ZiND: Having dealt with books in a number of capacities (poet, writer, editor, publisher etc.), what is your position towards more or less strict division between different role one might assume in the literary sphere?
CP: Publishing, in small operations, involves a fairly strict division of labor. Somebody has to come up with the funds for production, the producer. Somebody has to decide what to publish, the editor. Somebody has to be responsible for the layout and actual printing. Somebody has to be responsible for making sure as much of the rest of the world as possible is made aware of the book, in accurate terms, so a potential buyer or reader can be informed. I recall a wonderful algorithm called the 72 hour nag rule. The publisher is obligated to query the various participants as the process goes along to make sure everybody is doing their job. In a really small operation, say mine, one functions as a factotum, whether they are qualified or not, doing everything, with a little help from the Beatles, my friends.
Publishing in the United States started out as garage work. Houghton, Mifflin, Farrar, Straus, Giroux, Knopf, etc. were loners with money who amalgamated. For Avant Guard literary stuff, Ezra Pound put James Laughlin to work as a publisher because he realized JL didn’t have the chops to be a writer. He had money, Laughlin Steel money. New Directions. Nude Erections. Alan Swallow of Swallow press, his first book was by Thomas McGrath. Ferlinghetti at City Lights got lucky with Time magazine’s interest in the Beatniks. John Martin at Black Sparrow used the money from the sale of his D.H. Lawrence collection. Gave Bukowski a leg up. Charles Olson importuned a rich wanna be writer named Harvey Brown to publish his favorite stuff as Frontier Press, And so forth.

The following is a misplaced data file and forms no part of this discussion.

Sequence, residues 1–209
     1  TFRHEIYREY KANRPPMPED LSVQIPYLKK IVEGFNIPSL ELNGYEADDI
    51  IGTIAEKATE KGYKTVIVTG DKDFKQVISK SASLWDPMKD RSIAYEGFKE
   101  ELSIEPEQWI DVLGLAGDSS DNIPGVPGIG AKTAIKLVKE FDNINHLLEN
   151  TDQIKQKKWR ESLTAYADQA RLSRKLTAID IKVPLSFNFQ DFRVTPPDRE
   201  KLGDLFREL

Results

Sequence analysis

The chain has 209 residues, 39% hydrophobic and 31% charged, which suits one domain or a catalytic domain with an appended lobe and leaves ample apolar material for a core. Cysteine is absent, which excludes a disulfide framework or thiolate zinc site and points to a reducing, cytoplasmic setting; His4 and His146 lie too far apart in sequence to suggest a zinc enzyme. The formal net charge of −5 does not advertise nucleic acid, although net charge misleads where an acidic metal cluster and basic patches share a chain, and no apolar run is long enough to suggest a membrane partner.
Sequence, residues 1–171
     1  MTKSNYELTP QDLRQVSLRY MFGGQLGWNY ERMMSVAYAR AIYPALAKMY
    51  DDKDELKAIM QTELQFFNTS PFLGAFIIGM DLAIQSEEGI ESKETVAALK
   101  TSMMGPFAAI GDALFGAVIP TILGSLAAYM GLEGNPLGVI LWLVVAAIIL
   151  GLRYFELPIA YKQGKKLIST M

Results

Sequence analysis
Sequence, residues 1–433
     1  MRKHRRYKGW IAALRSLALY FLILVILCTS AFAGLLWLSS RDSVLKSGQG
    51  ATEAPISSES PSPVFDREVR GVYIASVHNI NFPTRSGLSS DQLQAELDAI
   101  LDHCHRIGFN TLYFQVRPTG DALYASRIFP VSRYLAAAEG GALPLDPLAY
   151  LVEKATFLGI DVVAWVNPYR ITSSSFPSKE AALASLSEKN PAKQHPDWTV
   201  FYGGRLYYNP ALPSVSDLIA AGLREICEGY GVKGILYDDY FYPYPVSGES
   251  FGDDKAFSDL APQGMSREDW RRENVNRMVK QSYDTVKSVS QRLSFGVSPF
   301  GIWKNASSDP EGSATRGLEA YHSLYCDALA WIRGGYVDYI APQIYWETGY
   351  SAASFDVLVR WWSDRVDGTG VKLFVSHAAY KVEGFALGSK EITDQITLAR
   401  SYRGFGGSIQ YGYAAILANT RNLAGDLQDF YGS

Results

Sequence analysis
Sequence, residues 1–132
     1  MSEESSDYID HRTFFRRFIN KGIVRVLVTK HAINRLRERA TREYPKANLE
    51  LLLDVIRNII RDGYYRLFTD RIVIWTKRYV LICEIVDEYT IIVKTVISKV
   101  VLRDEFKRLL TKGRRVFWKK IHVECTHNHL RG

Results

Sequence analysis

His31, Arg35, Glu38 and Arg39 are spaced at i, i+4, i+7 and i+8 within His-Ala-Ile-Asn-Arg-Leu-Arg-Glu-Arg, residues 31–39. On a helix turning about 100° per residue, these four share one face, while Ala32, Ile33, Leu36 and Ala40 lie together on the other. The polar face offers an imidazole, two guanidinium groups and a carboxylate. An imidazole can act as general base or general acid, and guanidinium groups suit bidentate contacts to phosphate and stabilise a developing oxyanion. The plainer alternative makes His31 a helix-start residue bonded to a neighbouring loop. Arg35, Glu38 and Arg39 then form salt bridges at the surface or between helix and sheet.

ZiND: 40 years later, do you feel that Valga Krusa has fulfilled its purpose? In what way?
CP: Purpose: after I had, in the 60s phrase, blown my mind, and went to Salt Lake City to convalesce I was nagged by the thought that something extraordinary had occurred to me and my friends in Berkeley in 1968. I used to have a very good memory and I wanted to get it all down as close to exactly as it happened as possible.
Perhaps some evidence that it has fulfilled its purpose would be in your discovery of the text and your positive response to it.
The young poet and musician, Adam Perry, wanted to know how to become immortal. It is simple; write so well the people can’t forget.
Another Youngster, Patrick Ferguson, drove all the way from Spokane to Yakima, 140 miles, to hear me read. I asked him whatever would cause somebody to do that? He said he had found a book of mine, The Opium Must go Thru, in Twice Told Tales, a used bookstore in Seattle, and it was the first book he had ever read that sounded like something he was trying to get out of his own head.